The scrum and maul had allowed the All Blacks to piggyback their way up the field and then kick to gain 50 metres went a long way toward winning Test matches.

 

Barrett said his employing the spiral punt was something he had been working on, especially with the Adidas balls used in New Zealand. David Hill and Ian Foster had been encouraging him to use the kick, and he had been practising it a lot.

 

“If I have got time on the ball I feel like I can peel off an extra 10-15 metres so I was lucky to get a couple away.”

 

Content & Images from – New Zealand Rugby


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6 Nations

Emerging Ireland Matches To Be Streamed on IrishRugby.ie

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All three Emerging Ireland games in the Toyota Challenge will be streamed live on Irishrugby.ie.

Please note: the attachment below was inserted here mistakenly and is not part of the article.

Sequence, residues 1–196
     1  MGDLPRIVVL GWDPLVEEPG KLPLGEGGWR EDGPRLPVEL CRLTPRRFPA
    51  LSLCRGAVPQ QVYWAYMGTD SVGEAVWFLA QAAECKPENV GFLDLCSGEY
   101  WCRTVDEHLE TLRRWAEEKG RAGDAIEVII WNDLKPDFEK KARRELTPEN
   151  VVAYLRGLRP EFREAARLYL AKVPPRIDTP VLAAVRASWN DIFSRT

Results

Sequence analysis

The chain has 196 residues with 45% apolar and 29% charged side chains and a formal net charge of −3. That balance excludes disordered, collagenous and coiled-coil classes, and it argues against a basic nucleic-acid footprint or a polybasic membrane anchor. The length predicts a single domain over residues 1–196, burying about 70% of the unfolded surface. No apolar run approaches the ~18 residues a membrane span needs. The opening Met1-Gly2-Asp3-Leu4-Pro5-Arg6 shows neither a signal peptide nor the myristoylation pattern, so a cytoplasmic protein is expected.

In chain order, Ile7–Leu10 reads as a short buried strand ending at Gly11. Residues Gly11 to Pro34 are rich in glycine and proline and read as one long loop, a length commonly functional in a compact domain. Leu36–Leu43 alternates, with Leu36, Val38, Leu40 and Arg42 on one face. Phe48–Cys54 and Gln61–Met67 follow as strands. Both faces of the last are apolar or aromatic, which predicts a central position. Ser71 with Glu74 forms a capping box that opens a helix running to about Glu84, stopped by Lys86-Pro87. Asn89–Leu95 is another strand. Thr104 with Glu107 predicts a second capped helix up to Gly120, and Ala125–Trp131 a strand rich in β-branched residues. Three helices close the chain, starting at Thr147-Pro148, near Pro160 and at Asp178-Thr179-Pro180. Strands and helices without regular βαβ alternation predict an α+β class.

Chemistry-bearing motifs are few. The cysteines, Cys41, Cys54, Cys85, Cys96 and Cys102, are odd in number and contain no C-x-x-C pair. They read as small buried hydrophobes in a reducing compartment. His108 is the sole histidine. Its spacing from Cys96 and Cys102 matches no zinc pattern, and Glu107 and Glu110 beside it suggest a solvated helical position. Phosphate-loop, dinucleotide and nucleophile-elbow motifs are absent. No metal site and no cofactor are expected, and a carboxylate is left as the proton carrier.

The squad arrive in Bloemfontein today (Tuesday) and will train in Greys College tomorrow (Wednesday) ahead of their opening fixture against the Griquas on Friday 30th September.

Related News

The game against the Griquas kicks off at 12.45 Irish time and will be available to view live on Irishrugby.ie.  The match day 23 to face the Griquas will be named on Thursday.

Emerging Ireland play the Pumas on Wednesday 5th October (KO 4.00pm) and the Cheetahs on Sunday 9th October (2.00pm)

Emerging Ireland Squad: Meet the Players – click here

Emerging Ireland Toyota Challenge Fixtures 2022

Windhoek Draught Griquas vs Emerging Ireland
Toyota Stadium, Bloemfontein, South Africa
Friday 30th September 2022, KO 12:45 (Irish time)

Airlink Pumas vs Emerging Ireland
Toyota Stadium, Bloemfontein, South Africa
Wednesday 5th October 2022, KO 16:00 (Irish time)

Toyota Cheetahs vs Emerging Ireland
Toyota Stadium, Bloemfontein, South Africa
Sunday 9th October 2022, KO 14:00 (Irish time)

Images & Content from Irish Rugby & Images © Inpho Photography